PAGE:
Records of temperature data from satellites show that the years 2014 and 2015 weren’t even close to the hottest on record, contradicting popular media claims.

According to Forbes magazine, such organizations as NASA and the National Oceanic and Atmospheric Administration repeatedly “correct” temperature data to demonstrate a warming trend throughout the twentieth century. But unedited NASA data as reported in 1999 displays a cooling trend in the US from the 1930s to the present. As a matter of fact, scientists have dubbed an eighteen year period beginning in the late 1990s “The Great Pause,” since there has been no statistically significant rise in global temperatures according to satellite data.

Alarmists have also pointed to supposedly melting icecaps as a valid quantitative measurement of global warming. But sea ice in the antarctic is regularly expanding, surpassing record maximums according to NASA data.

There seems to be issue enough regarding the authenticity of global warming statistics. However, global temperature does indeed change – sometimes drastically – regardless of human activity. Geologically recent examples of this are the Medieval Warming period (circa 950-1250 CE), followed almost immediately by the Little Ice Age (circa 1300-1850). These events were clearly not caused by the burning of fossil fuels. So, what scientific phenomena can explain them?

As detailed by astrophysicist John Eddy in the 1970s, evidence suggests that the amount of sunspots (magnetic storms on the sun’s surface) was low during the Little Ice Age. Research suggests that the amount of sunspots increases and decreases in a cyclical manner over periods of eleven years. The sun emits more energy when it has the most sunspots. Dr. Douglas Hoyt in The Role of the Sun in Climate Change described the sunspot cycle’s influence on the changing climate.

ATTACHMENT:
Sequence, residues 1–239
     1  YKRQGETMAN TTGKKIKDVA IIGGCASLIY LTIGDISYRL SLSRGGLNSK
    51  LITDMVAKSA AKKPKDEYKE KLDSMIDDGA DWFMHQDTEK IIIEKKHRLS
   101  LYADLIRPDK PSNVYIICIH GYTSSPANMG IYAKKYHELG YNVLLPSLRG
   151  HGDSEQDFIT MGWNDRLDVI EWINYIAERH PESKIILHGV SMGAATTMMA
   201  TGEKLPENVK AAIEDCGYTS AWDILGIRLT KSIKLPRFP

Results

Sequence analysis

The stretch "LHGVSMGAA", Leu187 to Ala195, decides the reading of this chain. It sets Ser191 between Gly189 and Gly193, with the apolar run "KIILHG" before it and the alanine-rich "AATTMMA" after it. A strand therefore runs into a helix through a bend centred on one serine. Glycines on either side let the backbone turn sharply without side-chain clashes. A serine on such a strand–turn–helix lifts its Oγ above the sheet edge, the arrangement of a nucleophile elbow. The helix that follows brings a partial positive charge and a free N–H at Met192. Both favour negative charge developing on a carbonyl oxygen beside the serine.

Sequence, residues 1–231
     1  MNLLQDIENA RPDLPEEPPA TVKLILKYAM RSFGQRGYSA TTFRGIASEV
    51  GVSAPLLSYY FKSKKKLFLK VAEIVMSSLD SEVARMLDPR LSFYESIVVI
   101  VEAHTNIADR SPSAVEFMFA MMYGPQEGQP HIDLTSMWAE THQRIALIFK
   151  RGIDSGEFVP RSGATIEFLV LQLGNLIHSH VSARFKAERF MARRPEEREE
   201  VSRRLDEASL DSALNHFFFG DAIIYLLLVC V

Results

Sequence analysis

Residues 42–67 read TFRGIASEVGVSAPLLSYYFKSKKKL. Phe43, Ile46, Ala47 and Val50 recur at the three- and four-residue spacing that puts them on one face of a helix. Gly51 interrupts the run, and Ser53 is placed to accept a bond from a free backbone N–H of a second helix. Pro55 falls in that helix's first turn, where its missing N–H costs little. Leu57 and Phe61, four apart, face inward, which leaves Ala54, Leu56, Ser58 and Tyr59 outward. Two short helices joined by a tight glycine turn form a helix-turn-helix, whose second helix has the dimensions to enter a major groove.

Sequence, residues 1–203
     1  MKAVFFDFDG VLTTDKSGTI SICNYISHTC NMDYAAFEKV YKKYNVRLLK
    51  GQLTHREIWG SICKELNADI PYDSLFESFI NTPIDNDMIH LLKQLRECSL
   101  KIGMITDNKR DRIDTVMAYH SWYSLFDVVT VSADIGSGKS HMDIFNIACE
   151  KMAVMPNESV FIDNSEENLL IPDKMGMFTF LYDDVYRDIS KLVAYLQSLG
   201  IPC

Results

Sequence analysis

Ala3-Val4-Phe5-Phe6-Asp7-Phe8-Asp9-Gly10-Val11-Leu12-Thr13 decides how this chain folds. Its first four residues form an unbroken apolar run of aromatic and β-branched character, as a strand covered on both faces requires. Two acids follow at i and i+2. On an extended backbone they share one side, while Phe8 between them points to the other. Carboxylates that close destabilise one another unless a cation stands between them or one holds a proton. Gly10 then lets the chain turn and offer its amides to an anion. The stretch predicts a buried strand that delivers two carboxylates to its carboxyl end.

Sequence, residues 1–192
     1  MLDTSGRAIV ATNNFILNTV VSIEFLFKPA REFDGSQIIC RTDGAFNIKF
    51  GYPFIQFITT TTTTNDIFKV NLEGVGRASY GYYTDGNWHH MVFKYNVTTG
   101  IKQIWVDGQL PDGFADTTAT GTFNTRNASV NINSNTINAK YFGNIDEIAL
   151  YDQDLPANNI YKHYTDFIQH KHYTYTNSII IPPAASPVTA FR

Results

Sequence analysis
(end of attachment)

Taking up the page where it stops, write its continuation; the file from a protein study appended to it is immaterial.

The variance of projected global temperatures is strongly correlated with the length of the sunspot cycle, and there is reason to believe the data may suggest a causal relationship as well.

Moreover, research by solar physicist Judith Lean revealed a strong correlation between changes in the sun’s overall brightness and historical changes in climate. Studies such as Lean’s have attributed not only Little Warming Period but also present-day temperature fluctuations to changes in solar activity.